Tag: Democracy

 

Who’s Next? Who’s Still Standing? Africa’s 20-Year+ Club

Lots of speculation about which long-time autocrat might be toppled next and why [Zimbabwe, Cameroon, etc.] is not like [Egypt, Tunisia, etc.].  Our colleague Nic van de Walle has a terrific suggestion that 12 years is a sensible term limit for any leader.  In Africa, even with Ben Ali and Mubarak gone, there are still plenty who have been in power more than 20 years.  Here’s the list of who’s still standing (at least as of this morning):

Two Lessons from Tunisia

Recent events in Tunisia suggest two lessons.  First, the west is wrong to think of old dictators as useful allies.  Like other longstanding authoritarian despots before him, President Ben Ali managed to convince the United States (and also western allies like France and the UK), that the repressive nature of his regime was essential for regional stability.  In this case, his bloated police state was viewed as a necessary inconvenience by western diplomats, given the alleged threat of radical Islam, even if it meant that the West was maintaining close diplomatic relations with a corrupt and

Six Months, Three Elections, The Future of Africa

Long-delayed elections finally happened last Sunday in Cote d’Ivoire and Guinea (even the New Yorker noticed). Good for those countries and for West Africa. But it strikes me that there are three absolutely huge elections coming up in the next six months that—at the risk of being over-dramatic—will determine nothing less than the future of Africa.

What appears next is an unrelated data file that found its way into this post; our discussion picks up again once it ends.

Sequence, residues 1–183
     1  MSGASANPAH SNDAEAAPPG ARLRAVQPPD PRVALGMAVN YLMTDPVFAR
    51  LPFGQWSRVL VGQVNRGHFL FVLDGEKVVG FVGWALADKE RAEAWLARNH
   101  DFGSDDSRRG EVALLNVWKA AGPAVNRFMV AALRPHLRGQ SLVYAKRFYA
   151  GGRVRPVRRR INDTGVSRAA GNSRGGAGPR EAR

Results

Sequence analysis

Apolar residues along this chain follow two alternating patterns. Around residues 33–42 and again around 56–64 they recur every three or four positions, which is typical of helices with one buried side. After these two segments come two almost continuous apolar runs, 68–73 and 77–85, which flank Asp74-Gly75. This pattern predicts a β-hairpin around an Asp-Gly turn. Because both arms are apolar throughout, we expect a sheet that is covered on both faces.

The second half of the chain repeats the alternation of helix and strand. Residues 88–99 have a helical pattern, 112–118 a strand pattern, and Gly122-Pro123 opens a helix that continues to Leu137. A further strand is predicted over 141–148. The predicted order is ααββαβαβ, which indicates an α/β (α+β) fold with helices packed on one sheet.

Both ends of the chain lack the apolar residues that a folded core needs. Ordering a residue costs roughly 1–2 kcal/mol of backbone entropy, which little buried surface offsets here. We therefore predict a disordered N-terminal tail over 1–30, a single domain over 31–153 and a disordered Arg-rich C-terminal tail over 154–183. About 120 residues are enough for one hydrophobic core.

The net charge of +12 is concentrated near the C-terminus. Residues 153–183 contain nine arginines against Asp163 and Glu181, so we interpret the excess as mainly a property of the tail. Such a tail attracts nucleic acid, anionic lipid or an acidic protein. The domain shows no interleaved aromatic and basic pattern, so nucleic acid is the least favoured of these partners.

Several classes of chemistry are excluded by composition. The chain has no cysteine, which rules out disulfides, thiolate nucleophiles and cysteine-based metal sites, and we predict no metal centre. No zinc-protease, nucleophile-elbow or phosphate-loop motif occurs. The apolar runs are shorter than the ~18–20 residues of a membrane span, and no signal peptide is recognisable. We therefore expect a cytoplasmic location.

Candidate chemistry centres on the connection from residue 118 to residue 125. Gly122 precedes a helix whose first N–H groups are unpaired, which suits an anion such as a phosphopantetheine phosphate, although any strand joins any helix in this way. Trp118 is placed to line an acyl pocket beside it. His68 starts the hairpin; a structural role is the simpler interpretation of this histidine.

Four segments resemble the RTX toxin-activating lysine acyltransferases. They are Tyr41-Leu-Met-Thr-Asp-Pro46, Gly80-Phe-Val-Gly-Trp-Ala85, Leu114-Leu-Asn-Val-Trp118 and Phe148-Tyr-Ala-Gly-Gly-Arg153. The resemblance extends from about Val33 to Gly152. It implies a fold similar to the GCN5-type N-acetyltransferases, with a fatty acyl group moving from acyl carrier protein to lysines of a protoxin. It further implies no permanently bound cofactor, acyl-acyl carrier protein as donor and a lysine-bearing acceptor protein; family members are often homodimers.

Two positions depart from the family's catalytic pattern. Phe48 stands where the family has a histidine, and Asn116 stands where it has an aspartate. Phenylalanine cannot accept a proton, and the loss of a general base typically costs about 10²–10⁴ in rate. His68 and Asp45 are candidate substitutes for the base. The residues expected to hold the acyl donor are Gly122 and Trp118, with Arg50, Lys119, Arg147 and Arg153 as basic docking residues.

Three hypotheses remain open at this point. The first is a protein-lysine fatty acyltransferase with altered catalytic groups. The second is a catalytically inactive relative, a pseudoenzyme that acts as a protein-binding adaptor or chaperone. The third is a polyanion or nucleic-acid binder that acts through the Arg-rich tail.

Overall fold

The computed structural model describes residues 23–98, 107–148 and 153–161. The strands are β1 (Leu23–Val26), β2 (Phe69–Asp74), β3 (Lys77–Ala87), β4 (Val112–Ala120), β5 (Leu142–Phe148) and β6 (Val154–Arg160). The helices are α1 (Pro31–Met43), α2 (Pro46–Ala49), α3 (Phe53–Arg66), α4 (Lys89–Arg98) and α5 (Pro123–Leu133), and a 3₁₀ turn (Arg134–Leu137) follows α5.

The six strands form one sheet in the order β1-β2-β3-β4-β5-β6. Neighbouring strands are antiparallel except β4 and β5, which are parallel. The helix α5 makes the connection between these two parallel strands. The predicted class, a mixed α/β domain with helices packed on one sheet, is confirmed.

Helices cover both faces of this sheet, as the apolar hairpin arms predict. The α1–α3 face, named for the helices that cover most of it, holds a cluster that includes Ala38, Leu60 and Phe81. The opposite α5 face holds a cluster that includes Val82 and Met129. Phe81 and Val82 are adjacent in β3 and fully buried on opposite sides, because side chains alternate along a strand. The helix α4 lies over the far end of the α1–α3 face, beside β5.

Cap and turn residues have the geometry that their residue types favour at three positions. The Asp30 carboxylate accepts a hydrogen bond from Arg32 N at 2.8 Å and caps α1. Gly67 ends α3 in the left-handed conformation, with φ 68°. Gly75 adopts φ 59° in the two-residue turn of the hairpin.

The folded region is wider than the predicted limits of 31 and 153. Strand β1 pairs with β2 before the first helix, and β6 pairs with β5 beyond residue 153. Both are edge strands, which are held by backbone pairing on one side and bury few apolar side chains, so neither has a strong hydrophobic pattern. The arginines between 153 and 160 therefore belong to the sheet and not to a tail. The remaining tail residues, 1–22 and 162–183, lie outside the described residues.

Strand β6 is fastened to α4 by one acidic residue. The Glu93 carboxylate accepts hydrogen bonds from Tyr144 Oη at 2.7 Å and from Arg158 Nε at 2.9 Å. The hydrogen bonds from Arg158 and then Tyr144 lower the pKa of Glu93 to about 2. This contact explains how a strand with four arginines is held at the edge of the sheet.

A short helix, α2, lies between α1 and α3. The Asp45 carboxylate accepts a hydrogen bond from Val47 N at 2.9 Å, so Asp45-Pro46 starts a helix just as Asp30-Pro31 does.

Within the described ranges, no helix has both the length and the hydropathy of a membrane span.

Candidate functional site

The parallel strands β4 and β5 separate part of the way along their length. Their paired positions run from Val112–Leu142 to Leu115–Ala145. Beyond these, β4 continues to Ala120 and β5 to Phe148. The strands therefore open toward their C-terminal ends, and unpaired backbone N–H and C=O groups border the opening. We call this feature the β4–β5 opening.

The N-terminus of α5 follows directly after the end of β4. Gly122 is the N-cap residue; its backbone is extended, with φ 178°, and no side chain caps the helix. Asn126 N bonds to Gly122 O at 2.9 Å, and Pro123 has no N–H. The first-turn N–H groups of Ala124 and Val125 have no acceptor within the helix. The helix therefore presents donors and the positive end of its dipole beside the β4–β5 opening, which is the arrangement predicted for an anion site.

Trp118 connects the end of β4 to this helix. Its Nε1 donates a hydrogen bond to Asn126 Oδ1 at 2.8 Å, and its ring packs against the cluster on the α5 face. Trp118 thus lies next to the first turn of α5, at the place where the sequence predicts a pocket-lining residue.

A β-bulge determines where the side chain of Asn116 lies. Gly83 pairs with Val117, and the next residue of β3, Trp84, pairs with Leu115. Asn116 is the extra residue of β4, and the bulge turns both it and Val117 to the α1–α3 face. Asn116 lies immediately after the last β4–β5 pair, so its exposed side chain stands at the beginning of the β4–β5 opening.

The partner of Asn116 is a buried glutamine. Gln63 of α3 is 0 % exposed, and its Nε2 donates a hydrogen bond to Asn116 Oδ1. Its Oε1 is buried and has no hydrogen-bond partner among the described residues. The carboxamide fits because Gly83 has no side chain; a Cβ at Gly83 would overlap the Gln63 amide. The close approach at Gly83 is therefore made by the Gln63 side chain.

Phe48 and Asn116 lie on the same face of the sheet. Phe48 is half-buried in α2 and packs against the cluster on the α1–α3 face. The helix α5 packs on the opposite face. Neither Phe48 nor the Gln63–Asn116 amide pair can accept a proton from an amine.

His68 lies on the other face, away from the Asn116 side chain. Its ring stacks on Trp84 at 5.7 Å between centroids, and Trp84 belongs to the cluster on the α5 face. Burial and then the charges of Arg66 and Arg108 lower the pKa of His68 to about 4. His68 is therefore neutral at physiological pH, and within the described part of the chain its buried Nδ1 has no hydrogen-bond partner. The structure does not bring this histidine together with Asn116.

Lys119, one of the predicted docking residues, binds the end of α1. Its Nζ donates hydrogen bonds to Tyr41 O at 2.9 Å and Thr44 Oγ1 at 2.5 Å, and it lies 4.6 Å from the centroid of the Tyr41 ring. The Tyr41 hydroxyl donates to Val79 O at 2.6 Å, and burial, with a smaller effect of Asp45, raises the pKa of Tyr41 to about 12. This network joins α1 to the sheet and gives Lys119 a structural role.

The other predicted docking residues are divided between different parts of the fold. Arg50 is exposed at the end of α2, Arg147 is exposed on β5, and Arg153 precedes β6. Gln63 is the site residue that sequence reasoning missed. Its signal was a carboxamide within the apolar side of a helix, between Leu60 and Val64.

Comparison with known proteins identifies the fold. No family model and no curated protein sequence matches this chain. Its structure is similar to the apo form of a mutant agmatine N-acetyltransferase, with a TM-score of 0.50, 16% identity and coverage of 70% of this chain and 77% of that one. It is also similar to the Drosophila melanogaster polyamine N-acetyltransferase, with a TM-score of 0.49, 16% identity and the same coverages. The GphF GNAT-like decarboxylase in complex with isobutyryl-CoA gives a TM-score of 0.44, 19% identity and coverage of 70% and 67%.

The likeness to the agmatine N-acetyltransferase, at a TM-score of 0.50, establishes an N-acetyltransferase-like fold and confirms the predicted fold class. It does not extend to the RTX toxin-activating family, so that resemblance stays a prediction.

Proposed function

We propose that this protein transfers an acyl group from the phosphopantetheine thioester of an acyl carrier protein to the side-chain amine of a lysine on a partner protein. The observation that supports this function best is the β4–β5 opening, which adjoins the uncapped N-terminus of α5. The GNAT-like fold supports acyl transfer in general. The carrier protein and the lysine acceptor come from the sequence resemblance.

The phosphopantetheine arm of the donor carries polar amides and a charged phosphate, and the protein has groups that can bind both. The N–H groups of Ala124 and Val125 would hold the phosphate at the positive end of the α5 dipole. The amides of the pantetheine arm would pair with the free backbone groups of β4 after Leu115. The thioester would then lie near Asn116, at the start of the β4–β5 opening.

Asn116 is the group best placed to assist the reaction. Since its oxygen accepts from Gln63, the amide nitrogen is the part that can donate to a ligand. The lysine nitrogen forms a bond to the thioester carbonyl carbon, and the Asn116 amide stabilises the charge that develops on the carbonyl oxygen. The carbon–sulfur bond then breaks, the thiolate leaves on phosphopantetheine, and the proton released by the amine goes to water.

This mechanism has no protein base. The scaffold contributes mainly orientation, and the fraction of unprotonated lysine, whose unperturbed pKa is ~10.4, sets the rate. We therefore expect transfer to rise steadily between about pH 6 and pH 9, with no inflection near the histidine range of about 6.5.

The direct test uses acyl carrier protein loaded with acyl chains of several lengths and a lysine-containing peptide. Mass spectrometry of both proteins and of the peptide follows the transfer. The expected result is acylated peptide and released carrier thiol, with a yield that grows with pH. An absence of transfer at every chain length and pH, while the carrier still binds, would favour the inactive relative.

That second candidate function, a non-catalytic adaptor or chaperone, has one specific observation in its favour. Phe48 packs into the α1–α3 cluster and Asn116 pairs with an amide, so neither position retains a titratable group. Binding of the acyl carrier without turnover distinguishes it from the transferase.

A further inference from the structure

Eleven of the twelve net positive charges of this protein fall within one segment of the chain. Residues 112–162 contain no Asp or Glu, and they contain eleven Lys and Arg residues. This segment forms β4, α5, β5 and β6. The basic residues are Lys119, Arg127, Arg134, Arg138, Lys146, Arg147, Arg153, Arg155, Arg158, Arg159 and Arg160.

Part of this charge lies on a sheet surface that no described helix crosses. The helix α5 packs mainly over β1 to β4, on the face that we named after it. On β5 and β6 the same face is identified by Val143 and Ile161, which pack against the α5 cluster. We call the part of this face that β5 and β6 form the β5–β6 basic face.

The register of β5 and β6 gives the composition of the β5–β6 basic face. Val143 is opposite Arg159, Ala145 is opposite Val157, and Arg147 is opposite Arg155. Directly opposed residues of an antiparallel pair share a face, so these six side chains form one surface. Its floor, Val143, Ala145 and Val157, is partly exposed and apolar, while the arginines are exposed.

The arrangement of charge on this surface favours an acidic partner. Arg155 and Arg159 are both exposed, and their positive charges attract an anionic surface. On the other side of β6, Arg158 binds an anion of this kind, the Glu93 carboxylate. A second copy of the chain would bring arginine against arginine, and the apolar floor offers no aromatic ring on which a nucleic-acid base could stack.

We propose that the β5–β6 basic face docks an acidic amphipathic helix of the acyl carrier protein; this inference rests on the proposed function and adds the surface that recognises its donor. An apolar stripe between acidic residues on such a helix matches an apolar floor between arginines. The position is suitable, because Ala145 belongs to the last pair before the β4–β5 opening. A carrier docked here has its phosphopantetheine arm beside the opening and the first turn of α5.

Kimberley Process Keeps the Door Open for Zimbabwean Democracy

This blog post also appeared on the Huffington Post.

For four days, forty-nine Kimberley Process members were holed up in Tel Aviv contemplating Zimbabwe’s future. Countries like South Africa, Israel, the European Community, and the United States were deadlocked over whether to continue their existing export ban on Zimbabwean diamonds. What’s at stake is much bigger than diamonds. It’s about corruption, repression, and freedom. A vote to rescind the diamond ban could have slammed the door shut on a truly democratic future for Zimbabwe’s people. It would have been a massive coup for Robert Mugabe and his security force allies. And a death blow to those who have sacrificed everything for change. Thankfully, the Kimberley Process members sided with the forces of democracy. The diamond ban will stay.

After the Plane Bomber, Where in the World is Nigeria's President?

This entry was also posted on the Huffington Post, AllAfrica, and Sahara Reporters.

Amid all the media frenzy around the Nigerian underwear bomber and how America should have stopped him before he tried to blow up a passenger plane on Christmas Day, a critical piece to the counter-terrorism puzzle seems to have been missed: where in the world is the Nigerian President?

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